"Big Dipper" To Be Renamed "The Big Bang Dipper" In Honor of 'The Big Bang Theory' Series Finale

Today, April 1st, Warner Bros. Television announced that the asterism that is known as the “Big Dipper” will be renamed “The Big Bang Dipper” in honor of the end of The Big Theory on CBS. The press release reads, “In a historic first, Warner Bros. Television’s The Big Bang Theory is boldly going where no other multicamera comedy has gone before…to the stars! In celebration of the historic final season, and as a lead-up to the series finale episode on May 16 (8/7c on CBS), the popular ‘Big Dipper’ asterism* in the Ursa Major constellation shall be renamed “The Big Bang Dipper.’ Although the International Star Registry has been naming stars since 1979, this is the first time that an individual or organization has named an entire grouping of stars! ‘The Big Bang Dipper’ will continue to live on in interstellar infancy, just as the series continues to do in global syndication.

The Big Bang Theory airs Thursdays at 8/7c on CBS and five nights a week in syndication. The acclaimed comedy ranks as the #1 entertainment series on broadcast network television among Adults 18–49 and Total Viewers for the 2018–19 television season to date. It will conclude its 12th season in May 2019 as the longest-running multicamera comedy in television history, with 279 episodes. In addition to centering many of its episodes in the worlds of science and technology, The Big Bang Theory enjoys a healthy appreciation and support from the scientific community at large.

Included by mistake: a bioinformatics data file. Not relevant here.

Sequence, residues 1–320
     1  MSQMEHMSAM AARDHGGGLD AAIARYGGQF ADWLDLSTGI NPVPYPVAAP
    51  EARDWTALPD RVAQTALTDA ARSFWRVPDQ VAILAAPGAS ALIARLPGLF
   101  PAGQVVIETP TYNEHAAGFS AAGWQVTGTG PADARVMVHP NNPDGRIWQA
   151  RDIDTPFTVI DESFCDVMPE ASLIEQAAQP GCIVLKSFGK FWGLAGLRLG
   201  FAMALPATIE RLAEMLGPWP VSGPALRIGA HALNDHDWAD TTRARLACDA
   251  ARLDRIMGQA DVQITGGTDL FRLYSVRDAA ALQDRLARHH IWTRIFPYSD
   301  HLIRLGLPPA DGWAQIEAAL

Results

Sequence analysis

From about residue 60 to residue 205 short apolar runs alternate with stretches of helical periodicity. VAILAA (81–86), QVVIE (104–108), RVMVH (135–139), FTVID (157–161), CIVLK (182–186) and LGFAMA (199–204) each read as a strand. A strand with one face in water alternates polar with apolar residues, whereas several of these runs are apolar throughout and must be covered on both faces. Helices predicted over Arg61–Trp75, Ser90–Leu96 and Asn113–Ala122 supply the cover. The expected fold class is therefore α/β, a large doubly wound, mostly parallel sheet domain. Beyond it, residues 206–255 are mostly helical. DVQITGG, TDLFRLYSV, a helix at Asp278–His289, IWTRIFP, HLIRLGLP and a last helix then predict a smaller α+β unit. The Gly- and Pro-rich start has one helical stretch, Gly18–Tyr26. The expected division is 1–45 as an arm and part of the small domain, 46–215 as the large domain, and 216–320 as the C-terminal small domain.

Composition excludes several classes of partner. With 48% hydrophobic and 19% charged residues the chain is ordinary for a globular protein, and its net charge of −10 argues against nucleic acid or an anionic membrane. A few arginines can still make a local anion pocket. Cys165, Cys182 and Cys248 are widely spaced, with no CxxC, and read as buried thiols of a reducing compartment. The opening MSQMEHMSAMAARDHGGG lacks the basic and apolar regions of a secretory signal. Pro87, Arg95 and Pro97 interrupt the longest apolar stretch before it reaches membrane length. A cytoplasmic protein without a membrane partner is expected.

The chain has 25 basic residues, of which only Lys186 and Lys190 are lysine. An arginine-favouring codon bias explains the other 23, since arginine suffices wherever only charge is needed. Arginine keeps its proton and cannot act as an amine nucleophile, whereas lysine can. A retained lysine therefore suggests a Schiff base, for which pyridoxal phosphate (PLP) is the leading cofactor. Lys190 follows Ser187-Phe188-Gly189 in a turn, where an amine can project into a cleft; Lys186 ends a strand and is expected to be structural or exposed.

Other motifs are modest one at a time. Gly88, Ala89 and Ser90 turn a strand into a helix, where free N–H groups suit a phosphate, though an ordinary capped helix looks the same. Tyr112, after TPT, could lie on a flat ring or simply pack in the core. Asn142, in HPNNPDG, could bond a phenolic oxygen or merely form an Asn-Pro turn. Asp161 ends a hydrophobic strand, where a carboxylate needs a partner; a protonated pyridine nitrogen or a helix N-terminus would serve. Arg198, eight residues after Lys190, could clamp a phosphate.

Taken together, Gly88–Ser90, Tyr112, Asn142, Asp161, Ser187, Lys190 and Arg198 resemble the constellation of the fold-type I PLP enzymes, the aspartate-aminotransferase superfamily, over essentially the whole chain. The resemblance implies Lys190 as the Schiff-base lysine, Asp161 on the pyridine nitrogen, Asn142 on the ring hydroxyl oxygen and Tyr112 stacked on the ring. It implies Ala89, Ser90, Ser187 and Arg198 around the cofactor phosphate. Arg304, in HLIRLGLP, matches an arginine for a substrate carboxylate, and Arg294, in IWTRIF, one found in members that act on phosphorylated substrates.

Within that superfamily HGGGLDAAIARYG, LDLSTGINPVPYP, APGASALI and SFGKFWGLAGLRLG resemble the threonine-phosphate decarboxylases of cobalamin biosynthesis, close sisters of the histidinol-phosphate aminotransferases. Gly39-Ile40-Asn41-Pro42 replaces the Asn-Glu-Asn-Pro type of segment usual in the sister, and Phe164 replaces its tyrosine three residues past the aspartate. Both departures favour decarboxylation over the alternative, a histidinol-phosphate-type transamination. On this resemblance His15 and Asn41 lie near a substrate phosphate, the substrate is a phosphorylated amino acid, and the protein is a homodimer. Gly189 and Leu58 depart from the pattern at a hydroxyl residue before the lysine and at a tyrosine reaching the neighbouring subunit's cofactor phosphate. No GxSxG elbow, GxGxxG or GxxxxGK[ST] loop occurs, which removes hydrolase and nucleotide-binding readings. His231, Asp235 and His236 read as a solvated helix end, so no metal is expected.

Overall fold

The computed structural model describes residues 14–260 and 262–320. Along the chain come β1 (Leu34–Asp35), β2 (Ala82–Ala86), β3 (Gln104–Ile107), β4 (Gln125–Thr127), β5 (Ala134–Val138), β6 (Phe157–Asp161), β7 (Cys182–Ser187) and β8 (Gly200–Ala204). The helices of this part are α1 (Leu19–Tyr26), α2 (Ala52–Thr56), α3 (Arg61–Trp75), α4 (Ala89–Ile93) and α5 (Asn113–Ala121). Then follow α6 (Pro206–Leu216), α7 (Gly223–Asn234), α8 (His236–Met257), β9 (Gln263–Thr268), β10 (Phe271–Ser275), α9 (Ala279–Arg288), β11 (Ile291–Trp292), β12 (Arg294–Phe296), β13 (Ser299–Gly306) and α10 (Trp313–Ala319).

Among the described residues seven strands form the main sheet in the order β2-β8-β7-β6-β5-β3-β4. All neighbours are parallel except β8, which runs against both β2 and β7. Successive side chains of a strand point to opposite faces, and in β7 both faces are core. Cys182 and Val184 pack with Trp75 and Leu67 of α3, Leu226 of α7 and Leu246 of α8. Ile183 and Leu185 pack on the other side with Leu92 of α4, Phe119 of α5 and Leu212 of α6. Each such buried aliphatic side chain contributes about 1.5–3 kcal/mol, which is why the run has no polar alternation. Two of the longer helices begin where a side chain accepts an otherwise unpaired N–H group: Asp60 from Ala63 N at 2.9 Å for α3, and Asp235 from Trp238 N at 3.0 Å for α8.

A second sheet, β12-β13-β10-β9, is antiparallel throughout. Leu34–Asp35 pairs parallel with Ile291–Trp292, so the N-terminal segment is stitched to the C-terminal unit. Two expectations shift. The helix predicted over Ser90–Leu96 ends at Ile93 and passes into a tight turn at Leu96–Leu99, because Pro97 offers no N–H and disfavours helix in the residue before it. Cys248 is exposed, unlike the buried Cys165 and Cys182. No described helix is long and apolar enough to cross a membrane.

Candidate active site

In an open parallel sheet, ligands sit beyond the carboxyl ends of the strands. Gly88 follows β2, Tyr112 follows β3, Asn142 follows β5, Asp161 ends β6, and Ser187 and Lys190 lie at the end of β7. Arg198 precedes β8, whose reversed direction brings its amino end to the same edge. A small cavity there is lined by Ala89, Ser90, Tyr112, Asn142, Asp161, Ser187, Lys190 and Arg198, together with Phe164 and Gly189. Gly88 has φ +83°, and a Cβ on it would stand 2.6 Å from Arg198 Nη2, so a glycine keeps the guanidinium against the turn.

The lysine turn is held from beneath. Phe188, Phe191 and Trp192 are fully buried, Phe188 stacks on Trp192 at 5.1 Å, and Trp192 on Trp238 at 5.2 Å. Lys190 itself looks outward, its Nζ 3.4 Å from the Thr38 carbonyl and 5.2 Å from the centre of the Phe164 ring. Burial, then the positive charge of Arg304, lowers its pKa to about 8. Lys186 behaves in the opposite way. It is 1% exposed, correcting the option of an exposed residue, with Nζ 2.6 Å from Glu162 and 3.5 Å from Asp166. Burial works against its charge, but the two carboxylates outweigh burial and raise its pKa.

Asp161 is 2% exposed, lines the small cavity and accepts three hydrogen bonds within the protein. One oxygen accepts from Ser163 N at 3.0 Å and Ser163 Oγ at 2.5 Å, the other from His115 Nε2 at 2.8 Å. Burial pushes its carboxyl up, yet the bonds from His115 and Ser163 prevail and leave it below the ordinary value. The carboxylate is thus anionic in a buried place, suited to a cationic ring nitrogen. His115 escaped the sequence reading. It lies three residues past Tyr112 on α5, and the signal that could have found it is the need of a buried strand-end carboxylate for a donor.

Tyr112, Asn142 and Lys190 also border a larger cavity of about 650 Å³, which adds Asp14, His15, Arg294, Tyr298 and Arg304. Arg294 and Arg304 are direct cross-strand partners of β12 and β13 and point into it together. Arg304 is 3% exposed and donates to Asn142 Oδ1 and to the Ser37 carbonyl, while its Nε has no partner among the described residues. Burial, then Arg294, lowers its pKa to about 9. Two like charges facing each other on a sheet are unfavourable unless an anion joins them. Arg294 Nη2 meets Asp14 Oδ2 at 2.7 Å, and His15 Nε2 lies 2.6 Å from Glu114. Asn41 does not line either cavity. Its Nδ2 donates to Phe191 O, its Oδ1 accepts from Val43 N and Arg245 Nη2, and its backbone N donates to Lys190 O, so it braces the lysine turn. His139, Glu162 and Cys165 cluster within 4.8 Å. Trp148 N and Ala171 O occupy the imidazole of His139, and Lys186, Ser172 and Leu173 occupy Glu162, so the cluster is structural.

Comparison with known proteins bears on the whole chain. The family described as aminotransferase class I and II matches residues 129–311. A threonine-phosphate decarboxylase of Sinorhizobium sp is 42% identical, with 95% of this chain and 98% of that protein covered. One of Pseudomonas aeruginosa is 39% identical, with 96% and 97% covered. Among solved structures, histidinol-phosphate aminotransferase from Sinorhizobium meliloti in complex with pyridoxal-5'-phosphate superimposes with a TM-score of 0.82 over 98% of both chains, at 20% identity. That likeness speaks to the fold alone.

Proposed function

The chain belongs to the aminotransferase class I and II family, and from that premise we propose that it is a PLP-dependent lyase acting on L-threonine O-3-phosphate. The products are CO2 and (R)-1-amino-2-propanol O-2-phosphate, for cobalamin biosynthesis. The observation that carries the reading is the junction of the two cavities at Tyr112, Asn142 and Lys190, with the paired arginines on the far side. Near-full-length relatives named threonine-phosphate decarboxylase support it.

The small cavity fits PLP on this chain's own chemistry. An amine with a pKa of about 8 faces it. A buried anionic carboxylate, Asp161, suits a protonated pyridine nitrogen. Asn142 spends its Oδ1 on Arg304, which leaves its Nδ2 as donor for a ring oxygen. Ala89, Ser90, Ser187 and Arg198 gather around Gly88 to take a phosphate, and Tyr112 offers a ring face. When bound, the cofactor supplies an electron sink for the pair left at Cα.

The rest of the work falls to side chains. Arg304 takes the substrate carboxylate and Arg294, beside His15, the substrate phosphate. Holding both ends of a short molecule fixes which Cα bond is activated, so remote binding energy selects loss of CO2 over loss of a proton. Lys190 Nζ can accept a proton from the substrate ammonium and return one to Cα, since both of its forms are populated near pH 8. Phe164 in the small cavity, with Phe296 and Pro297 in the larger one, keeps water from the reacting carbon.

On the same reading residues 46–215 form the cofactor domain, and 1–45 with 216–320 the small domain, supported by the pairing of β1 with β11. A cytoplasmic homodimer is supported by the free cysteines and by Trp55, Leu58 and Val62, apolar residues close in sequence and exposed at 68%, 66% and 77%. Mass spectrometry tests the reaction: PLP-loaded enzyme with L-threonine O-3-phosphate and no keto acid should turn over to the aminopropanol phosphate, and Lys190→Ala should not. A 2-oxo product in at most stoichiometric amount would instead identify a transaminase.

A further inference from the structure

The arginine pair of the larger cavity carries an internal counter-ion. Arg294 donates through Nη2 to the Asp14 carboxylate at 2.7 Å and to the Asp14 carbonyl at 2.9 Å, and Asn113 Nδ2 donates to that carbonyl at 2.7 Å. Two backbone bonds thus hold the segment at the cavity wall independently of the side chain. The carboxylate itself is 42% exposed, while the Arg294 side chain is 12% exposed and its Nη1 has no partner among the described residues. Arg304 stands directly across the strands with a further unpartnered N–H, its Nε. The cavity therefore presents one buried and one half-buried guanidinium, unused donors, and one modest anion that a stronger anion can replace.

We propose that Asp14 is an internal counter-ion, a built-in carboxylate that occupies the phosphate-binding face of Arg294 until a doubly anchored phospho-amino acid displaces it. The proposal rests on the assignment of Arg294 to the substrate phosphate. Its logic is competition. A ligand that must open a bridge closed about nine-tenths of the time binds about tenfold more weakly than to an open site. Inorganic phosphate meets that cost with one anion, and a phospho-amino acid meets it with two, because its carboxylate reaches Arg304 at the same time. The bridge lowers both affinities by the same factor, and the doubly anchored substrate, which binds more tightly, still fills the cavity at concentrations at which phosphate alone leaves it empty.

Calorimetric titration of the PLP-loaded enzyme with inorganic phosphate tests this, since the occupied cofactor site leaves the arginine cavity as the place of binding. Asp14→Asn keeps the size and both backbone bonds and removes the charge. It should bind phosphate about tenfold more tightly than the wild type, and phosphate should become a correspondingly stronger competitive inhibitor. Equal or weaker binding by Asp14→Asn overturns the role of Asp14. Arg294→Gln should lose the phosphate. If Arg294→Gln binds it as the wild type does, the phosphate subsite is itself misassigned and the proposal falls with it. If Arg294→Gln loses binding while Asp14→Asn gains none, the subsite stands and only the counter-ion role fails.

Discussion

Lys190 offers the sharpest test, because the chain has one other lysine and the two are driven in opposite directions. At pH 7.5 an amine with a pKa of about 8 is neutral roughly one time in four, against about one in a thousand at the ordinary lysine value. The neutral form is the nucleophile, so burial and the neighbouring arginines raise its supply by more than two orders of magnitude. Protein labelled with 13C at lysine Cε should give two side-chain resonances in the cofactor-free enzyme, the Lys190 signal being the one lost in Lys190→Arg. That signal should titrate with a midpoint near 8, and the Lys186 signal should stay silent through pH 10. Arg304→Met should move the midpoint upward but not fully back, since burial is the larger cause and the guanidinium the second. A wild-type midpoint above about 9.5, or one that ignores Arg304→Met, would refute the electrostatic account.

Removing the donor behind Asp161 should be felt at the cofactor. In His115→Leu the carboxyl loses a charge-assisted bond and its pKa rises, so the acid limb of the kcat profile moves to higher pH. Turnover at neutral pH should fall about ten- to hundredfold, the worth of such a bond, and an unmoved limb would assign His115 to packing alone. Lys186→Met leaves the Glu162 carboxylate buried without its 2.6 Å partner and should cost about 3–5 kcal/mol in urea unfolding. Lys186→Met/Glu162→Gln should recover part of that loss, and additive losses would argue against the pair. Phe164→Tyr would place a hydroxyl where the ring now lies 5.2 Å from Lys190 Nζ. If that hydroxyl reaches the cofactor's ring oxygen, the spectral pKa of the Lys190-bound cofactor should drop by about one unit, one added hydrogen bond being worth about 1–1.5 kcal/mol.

noun: a prominent pattern or group of stars, typically having a popular name but smaller than a constellation. You watch The Big Bang Theory. You should know that!”

The Big Bang Theory is ending on May 16th with its 279th episode, making it the longest-running multicamera comedy in television history. Creator Chuck Lorre shared his thoughts on the series coming to an end, saying that he never expected the show to last this long. “I didn’t anticipate Season 2! We didn’t know if we were going to make it,” Lorre said. “I don’t dream like that. The dreams are, ‘How do we make the show we’re doing right now better? How do we fix that scene in the second act? Is the story working, are the jokes working…? You’re focused on what’s right in front of you.”

What do you think? Let us know in the comments. The Big Bang Theory airs Thursdays at 8 p.m. Et on CBS.



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